Find out how dust from the Sahara Desert fuels annual Trichodesmium blooms in the Gulf of Mexico.
Dense and thin Trichodesmium blooms look very different. Dense blooms are thick and brown
(top), whereas thin blooms look like sawdust (bottom). The dark green patches in the top
image are seagrass beds.
Trichodesmium, a marine cyanobacterium (blue-green algae) found worldwide in tropical and subtropical waters, blooms every year in the Gulf of Mexico. In southwest Florida, blooms can extend for miles and are visible from space. Occasionally, wind and currents can transport Trichodesmium blooms to the east coast of Florida. In general, Trichodesmium is not a good food source for other organisms. Only a few specialized animals actively feed on it. Some strains of Trichodesmium do produce toxins, but researchers have not documented any negative effects of Trichodesmium on marine life or people in Florida.
Reports of Trichodesmium blooms date back to the 1700s, when Captain James Cook of the British Royal Navy wrote about large, brown blooms that resembled sandbars. Sailors sometimes refer to Trichodesmium as “sea sawdust” because it forms colonies that can be quite large (up to 1 centimeter) and visible to the naked eye. Small blooms look like sawdust floating on the water surface, whereas larger blooms can look like oil slicks or foamy pollution. The amount of Trichodesmium on the surface may vary with time of day, as this species is capable of moving up and down in the water column. Trichodesmium blooms can appear brown when the bloom is healthy; green when the bloom is starting to decay; pink or red when certain pigments leak out of the cells; or white after pigments decay. Trichodesmium blooms have a sweet smell similar to freshly cut hay when they decay.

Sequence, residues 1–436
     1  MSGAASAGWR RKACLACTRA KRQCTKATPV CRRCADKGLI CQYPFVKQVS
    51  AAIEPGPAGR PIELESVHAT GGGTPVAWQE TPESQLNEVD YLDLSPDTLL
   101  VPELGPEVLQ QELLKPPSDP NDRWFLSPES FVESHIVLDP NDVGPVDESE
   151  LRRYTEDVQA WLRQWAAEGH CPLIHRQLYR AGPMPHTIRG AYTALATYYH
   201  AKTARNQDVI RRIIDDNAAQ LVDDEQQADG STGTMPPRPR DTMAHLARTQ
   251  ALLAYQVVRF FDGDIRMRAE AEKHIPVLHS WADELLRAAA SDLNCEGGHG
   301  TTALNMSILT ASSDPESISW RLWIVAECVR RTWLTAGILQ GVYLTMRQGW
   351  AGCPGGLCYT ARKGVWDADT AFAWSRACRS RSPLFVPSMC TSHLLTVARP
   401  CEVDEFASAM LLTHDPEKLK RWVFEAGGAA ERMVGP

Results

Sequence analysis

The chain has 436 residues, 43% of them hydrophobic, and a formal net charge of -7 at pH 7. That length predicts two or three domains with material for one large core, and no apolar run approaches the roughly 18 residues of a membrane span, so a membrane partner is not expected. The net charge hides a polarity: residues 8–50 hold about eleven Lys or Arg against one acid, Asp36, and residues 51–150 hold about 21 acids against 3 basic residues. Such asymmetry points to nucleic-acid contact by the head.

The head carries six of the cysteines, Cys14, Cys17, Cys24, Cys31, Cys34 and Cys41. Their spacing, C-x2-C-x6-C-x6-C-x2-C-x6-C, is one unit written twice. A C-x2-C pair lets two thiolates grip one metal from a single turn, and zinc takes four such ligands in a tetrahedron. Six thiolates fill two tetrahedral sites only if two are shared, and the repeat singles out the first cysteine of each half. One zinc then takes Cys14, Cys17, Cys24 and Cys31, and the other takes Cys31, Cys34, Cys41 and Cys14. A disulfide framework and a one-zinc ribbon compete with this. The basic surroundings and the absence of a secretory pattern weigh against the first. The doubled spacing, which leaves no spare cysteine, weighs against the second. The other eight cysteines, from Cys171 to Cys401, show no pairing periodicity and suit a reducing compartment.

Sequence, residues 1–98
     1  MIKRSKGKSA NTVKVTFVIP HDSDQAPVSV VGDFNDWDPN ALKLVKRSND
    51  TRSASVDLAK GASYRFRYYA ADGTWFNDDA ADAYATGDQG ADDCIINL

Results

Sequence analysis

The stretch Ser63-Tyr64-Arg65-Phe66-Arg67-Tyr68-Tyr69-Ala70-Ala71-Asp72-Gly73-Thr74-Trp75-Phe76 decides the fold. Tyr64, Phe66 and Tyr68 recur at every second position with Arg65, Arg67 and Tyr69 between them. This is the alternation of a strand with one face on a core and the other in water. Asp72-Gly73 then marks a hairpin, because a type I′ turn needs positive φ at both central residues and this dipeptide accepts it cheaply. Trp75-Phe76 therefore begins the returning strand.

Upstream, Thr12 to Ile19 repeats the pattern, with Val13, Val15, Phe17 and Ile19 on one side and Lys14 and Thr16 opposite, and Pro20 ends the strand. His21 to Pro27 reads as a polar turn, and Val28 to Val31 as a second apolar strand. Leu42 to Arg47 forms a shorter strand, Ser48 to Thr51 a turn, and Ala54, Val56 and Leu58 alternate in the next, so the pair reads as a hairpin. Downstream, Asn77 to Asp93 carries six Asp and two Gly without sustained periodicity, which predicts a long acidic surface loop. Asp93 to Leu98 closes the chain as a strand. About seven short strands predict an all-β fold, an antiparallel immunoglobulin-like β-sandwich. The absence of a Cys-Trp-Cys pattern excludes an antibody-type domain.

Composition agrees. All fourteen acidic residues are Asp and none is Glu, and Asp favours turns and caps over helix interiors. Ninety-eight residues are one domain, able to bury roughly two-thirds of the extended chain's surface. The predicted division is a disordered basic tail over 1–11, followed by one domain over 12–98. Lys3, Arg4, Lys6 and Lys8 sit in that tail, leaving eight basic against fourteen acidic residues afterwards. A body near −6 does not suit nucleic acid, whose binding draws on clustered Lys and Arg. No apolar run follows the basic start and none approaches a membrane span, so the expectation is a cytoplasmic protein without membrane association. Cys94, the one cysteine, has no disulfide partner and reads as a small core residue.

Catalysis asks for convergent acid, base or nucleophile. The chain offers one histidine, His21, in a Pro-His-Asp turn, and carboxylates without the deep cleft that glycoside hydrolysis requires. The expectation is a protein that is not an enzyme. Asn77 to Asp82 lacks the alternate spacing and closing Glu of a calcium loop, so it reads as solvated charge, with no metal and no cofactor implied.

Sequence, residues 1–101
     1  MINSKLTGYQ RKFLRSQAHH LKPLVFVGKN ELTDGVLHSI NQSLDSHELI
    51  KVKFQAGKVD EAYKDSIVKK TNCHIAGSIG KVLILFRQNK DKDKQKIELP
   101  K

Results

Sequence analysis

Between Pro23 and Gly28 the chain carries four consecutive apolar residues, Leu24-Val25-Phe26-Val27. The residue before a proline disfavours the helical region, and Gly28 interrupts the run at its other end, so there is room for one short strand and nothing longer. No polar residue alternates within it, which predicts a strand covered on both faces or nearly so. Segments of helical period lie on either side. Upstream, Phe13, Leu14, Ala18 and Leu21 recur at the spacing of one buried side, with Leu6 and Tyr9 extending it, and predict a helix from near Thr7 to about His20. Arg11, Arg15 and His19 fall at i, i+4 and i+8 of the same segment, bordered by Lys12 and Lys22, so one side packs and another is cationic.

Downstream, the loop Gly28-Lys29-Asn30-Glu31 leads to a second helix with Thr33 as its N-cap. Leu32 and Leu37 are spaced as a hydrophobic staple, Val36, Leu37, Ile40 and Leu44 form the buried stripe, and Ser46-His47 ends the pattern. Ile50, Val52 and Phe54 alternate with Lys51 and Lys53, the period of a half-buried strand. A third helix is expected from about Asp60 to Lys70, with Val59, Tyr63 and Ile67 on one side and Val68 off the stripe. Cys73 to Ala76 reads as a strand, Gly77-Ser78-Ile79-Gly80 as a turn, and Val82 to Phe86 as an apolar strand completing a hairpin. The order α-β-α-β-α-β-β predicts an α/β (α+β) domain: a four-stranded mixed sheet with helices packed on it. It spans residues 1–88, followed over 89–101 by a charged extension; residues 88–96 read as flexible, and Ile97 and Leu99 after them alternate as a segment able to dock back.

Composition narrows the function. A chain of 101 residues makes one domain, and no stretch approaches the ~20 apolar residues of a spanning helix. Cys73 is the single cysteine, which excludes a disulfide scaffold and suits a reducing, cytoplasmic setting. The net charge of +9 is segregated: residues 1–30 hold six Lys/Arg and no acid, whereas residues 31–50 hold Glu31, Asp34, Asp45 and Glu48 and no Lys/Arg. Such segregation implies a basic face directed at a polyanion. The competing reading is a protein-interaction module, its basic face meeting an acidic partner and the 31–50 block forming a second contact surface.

In the ocean, the growth of most algae is limited by the amount of nitrogen dissolved in the water. Trichodesmium is unique because it gets most of its nitrogen from the atmosphere. It has specialized structures that allow it to convert nitrogen gas into a usable form of nitrogen, ammonia. This process is called nitrogen-fixation. Because nitrogen fixation is limited by iron availability, new iron introduced into the water will stimulate Trichodesmium blooms. Typically between May and September, iron-rich dust blows from the Sahara Desert in Africa across the Atlantic and settles in the Gulf of Mexico. Blooms usually occur during those months, as Trichodesmium uses this iron to fix nitrogen and grow. Other algae, like the Florida red tide organism, Karenia brevis, can also use the new nitrogen fixed by Trichodesmium.